Sunday, 8 May 2011
One of the best advantages of having your own blog is that you can talk about anything you want - well, almost anything perhaps
It's sunny outside, 34 C on my terrace, and me and my wife were doing the laundry and hanging everything out to dry. I really enjoy that exercise as I can't completely sit still when it's as hot at this, and the clothes retain the laundry smell and get that crispy touch that's lost in the dryer. E.g. the towels are stiff and a little rough even, I'd love to have fresh towels like that every day
Alas, that goes for my shirts too - they are wrinkled like a Sharpei
Can't wear shirts like that to your work, you have to iron them. It takes a while to iron a shirt, it takes me 10-15 minutes a shirt to get it neat enough and almost perfect. I am always amazed that certain creases have to be sprayed and ironed a few times before they go away.
On a side note, I don't enjoy ironing - it is rather pointless as a perfect 10 shirt quickly degrades to a 6 or 7 and 5 shirts a week means 60 minutes of ironing a week. Unless you buy 20 shirts and spend 4 hours once a month in one big ironing frenzy, that would mean a repetitive task that can't be postponed nor avoided.
So I've thought about alternative ways, and came up with an almost perfect one - it's not a 10, but certainly an 8+
Like I said above, drying clothes outside gives them that crisp touch that's lost in the dryer - that made me think. In effect, clothes from the dryer aren't always "equally creased" - sometimes they're smoother, sometimes they're looking like even a young Sharpei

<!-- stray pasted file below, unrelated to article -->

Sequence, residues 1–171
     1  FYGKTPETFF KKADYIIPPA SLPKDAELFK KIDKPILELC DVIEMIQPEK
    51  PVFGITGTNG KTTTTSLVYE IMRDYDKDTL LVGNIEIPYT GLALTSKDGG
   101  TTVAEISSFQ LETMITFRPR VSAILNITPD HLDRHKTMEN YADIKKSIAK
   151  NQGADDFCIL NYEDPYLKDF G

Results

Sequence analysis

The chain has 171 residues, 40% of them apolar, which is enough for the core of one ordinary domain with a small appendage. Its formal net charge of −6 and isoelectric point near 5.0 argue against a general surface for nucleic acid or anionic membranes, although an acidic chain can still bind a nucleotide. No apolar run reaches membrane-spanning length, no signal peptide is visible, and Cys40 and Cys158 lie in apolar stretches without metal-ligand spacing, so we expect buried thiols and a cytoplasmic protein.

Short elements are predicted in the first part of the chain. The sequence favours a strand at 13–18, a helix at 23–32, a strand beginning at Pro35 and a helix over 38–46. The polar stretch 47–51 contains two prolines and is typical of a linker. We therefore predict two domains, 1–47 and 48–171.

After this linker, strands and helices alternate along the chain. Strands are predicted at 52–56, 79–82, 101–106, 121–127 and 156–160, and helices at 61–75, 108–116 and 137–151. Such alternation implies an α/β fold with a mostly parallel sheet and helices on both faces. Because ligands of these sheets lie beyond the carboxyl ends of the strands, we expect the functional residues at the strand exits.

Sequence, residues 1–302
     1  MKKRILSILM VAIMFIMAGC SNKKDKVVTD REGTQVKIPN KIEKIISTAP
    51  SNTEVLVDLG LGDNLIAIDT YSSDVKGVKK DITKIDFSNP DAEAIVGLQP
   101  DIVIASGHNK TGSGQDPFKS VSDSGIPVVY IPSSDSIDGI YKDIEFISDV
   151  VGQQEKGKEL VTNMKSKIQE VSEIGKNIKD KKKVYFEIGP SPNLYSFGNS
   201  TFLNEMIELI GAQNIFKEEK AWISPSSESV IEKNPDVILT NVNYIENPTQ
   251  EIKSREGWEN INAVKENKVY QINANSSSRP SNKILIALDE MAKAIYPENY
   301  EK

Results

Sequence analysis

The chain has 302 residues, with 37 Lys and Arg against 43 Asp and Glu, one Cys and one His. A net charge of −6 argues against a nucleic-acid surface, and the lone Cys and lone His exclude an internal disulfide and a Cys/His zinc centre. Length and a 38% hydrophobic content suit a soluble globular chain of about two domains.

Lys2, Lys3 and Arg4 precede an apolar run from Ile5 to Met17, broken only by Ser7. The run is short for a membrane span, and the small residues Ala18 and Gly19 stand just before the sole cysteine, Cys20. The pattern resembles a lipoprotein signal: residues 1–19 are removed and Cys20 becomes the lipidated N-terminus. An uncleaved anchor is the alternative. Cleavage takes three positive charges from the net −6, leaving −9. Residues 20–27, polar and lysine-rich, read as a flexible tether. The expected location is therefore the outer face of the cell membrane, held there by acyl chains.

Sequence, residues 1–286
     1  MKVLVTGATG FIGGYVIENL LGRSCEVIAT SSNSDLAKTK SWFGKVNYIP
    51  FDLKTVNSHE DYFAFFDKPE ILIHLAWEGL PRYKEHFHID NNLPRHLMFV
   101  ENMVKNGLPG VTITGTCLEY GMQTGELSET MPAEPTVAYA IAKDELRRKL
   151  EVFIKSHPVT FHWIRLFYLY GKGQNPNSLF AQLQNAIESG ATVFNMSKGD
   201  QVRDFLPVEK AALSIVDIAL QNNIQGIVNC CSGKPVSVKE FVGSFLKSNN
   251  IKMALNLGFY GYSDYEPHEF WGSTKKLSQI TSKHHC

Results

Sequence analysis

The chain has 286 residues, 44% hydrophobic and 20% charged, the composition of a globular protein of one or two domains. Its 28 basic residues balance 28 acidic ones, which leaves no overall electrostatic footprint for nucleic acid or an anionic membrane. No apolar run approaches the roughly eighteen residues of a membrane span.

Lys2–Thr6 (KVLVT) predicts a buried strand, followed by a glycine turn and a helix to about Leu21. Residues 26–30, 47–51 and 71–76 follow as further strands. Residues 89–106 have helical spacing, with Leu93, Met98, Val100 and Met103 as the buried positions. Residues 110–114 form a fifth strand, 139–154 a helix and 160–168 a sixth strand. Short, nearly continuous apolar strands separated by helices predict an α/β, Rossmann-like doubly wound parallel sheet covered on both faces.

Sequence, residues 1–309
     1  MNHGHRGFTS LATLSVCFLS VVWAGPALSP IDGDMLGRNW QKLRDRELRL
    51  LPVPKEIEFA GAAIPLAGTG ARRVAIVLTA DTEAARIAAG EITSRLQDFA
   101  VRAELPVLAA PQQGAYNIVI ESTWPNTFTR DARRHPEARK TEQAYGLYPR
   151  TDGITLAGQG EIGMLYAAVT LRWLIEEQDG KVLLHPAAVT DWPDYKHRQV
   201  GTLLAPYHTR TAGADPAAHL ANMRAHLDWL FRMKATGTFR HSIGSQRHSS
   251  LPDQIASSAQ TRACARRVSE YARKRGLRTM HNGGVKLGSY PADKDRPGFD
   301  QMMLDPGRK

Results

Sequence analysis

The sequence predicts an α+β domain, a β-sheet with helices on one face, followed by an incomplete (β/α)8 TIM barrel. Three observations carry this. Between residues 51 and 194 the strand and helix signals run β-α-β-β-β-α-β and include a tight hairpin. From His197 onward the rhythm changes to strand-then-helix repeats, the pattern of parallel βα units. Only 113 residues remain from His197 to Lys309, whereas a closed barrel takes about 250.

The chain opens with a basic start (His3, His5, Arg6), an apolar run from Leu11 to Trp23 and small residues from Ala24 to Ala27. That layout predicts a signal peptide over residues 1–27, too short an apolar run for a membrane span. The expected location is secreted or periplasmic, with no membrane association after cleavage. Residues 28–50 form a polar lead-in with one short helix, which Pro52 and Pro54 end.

I decided to assume that the intensity of creasing got caused by the volume of laundry, and put that to the test. Today, I collected 5 washed and dried shirts from the laundry, took the spray bottle, and sprayed them wet all over, hitting all creases I could see.
Then, I took the 5 shirts, and put them together in a completely empty dryer.
I set the program to 45 minutes, and went outside to bake in the sun
When the dryer was finished, I went upstairs and anxiously opened the door - what would I see?
The shirts came out perfect - all creases were gone. The fabric was different for most, and even my biggest crease-sensitive shirt didn't have a single crease. Was I happy? Heck yeah!
Especially the sleeves that always wrinkle so quickly, were perfectly smooth and crease-free. I was impressed: in stead of ironing for an hour to get these shirts this way, I had done it in 45 minutes and with a total effort of maybe 5 minutes.
Next time of course I'll keep the shirts separate so I don't have to make them wet again, and save myself the trouble of handling them twice
So if you like to have crease-free shirts but detest ironing and can't find anyone else to do it for you, you know what you'll have to try and find out for yourself - I tell you, you'll be pleased with the result. If not, you can always still iron them